12 Must-Attend Interop Events
Andrew Conry Murray
September 13, 2013
Interop New York kicks off on September 30th at the Javits Center in Manhattan. At Interop you can dive into a variety of subjects, from cloud to SDN to security to the business of IT. The five-day show is packed with workshops and sessions, and the amount of content can seem a bit overwhelming. Here are my picks, on a day-by-day basis, of events that should get on your schedule.
I'm co-chair of the Infrastructure track (along with Eric Hanselman of 451 Research), so my list is weighted toward workshops and sessions I'm familiar with, but I also reached outside my own track for events.
The other tracks--Applications & Collaboration, Business of IT, Cloud Computing & Virtualization, Mobility and Risk Management & Security--are chock full of good stuff and well worth your attention. You can get an overview of everything on offer here.
Monday, Sept. 30
1. The workshop "11 Things You Can Do When You Get Back to the Office to Improve Network Performance" is a great first stop. The instructor, Mike Pennacchi, is one of Interop's highest-rated presenters, and for good reason. He provides practical, hands-on instruction for solving real-world network issues.
The three-hour workshop will cover a variety of processes for improving network performance and eliminating problems, including getting rid of unnecessary network traffic, reducing packet loss, isolating intermittent problems and formulating and validating fixes.
2. If security is more to your liking, you can spend a full day sharpening your skills in the workshop "Hands-On Introduction to Common Hacking Tools," taught by security consultants David Rhoades and Steven Pinkham.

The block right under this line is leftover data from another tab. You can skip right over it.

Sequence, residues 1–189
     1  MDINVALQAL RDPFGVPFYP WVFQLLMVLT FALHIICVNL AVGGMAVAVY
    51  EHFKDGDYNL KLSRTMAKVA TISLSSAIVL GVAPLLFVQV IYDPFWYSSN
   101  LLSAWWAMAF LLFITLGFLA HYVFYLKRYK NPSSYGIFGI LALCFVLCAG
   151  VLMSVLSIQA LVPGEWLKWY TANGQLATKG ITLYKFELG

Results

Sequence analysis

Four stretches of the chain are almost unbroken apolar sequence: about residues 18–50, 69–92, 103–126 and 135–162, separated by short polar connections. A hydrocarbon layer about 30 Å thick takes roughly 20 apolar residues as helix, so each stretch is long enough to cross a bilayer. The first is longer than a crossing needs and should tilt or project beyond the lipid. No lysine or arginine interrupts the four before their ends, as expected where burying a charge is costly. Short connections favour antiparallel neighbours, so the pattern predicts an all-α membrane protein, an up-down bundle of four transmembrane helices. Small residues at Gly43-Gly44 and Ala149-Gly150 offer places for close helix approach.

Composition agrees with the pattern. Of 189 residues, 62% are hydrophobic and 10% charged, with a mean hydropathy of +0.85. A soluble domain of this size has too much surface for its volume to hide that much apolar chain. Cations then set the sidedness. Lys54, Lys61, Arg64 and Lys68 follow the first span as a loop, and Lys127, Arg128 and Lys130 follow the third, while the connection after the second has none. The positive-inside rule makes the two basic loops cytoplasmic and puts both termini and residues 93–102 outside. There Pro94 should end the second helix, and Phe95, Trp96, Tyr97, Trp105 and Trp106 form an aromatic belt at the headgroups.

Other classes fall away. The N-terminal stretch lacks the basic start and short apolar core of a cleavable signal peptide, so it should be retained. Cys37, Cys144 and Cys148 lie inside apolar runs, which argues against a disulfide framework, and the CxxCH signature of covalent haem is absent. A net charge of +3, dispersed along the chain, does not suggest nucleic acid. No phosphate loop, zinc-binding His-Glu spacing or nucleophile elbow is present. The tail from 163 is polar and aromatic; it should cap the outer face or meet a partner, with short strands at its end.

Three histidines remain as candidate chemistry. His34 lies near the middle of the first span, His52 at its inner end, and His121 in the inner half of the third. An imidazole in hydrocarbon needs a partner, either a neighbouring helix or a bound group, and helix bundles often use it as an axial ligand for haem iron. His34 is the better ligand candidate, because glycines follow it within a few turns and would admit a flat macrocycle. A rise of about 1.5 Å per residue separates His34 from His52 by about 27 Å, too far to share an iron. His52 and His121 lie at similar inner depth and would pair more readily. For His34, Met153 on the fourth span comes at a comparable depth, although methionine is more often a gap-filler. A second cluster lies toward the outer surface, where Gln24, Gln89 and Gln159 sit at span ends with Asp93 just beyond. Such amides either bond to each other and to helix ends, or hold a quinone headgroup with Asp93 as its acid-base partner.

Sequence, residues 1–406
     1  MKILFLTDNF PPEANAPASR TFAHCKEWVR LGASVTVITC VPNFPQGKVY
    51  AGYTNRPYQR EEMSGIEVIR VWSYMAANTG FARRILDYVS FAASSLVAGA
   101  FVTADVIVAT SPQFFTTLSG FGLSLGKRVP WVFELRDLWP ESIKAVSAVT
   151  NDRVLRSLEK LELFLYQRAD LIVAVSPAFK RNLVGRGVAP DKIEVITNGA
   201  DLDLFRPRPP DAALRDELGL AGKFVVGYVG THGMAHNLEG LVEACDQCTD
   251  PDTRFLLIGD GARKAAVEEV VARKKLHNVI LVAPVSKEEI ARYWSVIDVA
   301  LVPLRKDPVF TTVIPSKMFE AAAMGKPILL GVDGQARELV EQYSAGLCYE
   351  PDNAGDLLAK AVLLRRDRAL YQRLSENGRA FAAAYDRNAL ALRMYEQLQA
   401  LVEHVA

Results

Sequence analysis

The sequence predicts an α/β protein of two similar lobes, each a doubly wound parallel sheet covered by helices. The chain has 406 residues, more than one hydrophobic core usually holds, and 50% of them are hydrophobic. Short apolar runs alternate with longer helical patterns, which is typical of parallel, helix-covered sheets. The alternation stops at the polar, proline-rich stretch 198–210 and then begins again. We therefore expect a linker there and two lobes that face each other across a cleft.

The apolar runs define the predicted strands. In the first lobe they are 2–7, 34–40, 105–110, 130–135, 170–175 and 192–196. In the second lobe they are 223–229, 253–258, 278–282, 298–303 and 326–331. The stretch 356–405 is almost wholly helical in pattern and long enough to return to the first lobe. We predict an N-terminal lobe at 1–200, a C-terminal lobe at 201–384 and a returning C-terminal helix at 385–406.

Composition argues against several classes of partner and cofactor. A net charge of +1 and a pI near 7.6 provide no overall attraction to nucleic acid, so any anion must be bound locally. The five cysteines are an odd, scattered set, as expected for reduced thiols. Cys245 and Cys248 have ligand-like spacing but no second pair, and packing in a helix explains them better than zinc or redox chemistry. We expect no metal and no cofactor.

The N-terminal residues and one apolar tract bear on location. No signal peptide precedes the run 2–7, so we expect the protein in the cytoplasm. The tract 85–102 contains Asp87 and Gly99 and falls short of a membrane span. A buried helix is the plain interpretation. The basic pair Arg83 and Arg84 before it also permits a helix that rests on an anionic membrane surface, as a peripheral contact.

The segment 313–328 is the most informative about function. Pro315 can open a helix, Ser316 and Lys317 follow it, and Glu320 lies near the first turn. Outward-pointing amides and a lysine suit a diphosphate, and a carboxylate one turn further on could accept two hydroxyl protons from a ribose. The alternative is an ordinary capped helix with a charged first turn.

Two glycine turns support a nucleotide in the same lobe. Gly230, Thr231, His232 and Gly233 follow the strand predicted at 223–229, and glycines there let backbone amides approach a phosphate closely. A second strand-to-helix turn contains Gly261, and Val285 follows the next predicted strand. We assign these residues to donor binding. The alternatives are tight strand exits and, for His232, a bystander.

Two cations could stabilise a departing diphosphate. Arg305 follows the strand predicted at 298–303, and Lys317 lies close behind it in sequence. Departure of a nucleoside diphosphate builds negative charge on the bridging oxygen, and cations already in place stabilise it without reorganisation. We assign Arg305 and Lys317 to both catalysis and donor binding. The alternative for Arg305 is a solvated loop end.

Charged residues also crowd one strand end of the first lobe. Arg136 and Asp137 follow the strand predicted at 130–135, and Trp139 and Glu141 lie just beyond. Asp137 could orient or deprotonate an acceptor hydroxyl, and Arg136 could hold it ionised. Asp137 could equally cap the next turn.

The workshop will introduce attendees to the Kali Linux suite of free and open-source security tools, and then turn those tools on virtual targets. The workshop will also discuss both current and emerging attack techniques and tools. Attendees should come away with a strong understanding of how attackers probe and penetrate networks, and how to develop better defenses.
Tuesday, Oct. 1
3. Greg Ferro, of Packet Pushers fame (and a Network Computing blogger), leads the workshop "Building Your Network for the Next 10 Years." Targeted at network engineers and architects, the three-hour workshop will explore the foundations on which the next generation of data centers will be built, including Ethernet fabrics, software-defined networking, network overlays and cloud computing. You can see his own description of the workshop here. As Greg notes, networking is cool again!
4. On Tuesday afternoon, check out Michele Chubirka's workshop "Beware the Firewall, My Son! The Jaws that Bite, the Claws that Catch!" Michele, known as Mrs. Y on Packet Pushers and Twitter (and also a Network Computing contributor), will leap down the rabbit hole of network segmentation and data classification and explain why these things matter. Michele will cover both technical aspects (how to create a data classification scheme and tools to help) and "softer" relationship skills, because IT and security teams will need to involve other branches of the organization to get this right.